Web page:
Oracle Layoffs 2020: European Staff Cuts for 1,300 Employees?

Oracle layoffs will impact roughly 1,300 employees across Europe, according to The Irish Times. The figure represents roughly 1 percent of Oracle’s worldwide workforce.

The database and application software giant, which continues to shift from traditional hardware and software to cloud services, is striving to more effectively balance its teams worldwide, a spokeswoman told the newspaper.

Oracle has made targeted layoffs multiple times in recent years — including March 2019 cuts and  multiple rounds in 2017. Still, the cuts have been relatively small compared to Oracle’s overall global staffing. The company has roughly 136,000 employees, according to Oracle’s website.

Track all technology industry layoffs here.

Oracle’s Cloud Efforts Continue

Although Oracle lags Microsoft and Amazon Web Services in the IaaS (infrastructure as a service) market, Oracle has a strong presence in such cloud sectors as SaaS and database as a service (DBaaS).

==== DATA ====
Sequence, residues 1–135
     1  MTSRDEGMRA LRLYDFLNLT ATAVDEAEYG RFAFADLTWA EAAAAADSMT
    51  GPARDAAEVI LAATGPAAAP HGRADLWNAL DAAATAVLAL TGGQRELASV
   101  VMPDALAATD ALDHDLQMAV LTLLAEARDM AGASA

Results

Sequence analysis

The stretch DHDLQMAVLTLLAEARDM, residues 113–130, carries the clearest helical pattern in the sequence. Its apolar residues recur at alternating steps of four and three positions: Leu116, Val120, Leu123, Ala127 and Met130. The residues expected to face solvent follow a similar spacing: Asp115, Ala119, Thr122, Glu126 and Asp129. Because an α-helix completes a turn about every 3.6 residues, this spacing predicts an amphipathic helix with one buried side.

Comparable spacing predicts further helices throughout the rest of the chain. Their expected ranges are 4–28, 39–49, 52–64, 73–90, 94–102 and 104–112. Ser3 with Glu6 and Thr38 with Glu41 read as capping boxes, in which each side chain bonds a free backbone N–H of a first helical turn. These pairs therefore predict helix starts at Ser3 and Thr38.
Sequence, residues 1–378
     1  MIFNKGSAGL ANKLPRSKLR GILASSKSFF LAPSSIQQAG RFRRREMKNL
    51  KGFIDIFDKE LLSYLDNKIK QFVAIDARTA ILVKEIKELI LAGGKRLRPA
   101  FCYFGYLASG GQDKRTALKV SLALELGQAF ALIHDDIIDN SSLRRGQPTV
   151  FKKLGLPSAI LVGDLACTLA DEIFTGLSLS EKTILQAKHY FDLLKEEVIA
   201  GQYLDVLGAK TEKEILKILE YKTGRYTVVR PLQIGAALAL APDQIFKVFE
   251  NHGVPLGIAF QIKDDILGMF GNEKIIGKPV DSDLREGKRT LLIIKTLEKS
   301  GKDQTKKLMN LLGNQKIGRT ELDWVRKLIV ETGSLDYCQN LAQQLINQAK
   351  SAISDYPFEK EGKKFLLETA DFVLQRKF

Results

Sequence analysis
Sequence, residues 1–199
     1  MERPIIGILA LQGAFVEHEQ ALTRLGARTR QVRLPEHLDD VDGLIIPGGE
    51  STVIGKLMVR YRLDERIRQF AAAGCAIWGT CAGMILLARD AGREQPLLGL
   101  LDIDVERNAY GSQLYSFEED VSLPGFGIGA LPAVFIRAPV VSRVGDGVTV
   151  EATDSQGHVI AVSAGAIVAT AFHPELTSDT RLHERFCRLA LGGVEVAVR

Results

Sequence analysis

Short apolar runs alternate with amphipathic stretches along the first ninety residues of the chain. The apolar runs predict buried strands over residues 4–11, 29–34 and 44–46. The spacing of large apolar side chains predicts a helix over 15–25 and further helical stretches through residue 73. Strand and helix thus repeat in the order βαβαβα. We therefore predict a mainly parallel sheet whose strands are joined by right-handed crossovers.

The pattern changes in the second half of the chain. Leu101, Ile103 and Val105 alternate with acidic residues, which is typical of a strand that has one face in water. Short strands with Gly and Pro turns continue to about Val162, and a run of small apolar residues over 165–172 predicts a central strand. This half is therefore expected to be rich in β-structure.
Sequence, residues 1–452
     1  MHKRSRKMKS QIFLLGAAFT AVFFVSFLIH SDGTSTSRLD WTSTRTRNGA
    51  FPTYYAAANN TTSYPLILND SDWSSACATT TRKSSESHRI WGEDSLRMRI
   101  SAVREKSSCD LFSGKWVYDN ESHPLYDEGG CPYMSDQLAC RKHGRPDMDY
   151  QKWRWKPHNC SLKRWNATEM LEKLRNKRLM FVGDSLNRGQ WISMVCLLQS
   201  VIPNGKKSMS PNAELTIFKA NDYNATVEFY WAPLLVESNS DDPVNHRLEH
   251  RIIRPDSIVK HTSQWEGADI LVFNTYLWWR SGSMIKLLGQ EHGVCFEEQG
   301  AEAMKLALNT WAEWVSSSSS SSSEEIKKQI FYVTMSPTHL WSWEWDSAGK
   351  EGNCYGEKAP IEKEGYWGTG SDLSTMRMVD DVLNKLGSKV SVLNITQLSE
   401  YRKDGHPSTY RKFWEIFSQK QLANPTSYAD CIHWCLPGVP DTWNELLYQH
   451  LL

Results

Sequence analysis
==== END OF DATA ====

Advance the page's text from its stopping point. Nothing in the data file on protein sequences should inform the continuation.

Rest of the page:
Amid the ongoing cloud wars, Oracle recently hired AWS veteran Ariel Kelman as chief marketing officer, according to CNBC sources.

Oracle’s Q2 FY 2020 revenues were $9.6 billion, up 1 percent compared to Q2 of FY 2019, the company said on December 12, 2019. Q3 results are expected sometime in March 2020.

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    I keep reading about lay offs and reorganizations and can’t stop wondering how come Oracle University still exits – this absurd business that barely makes it on its own (if it ever does, or did), with hundreds of well-paid managers that do not bring any added value to a company and a line of business that can easily things done through a 3rd party learning company (like TAM in the US and many more around the globe), and with less than a quarter of the actual spending… Oracle upper management is really twisted.

    Joe Panettieri:

    Hi Ronan,

    Thanks for your comment. I’m not an expert on Oracle University, but I have covered the company off and on (mostly on) since 1995. I don’t always agree with Larry Ellison and Oracle’s business management. But I give them credit for evolving during each technology wave (mainframe, mini, PC, client-server, Internet, web, cloud, etc.).

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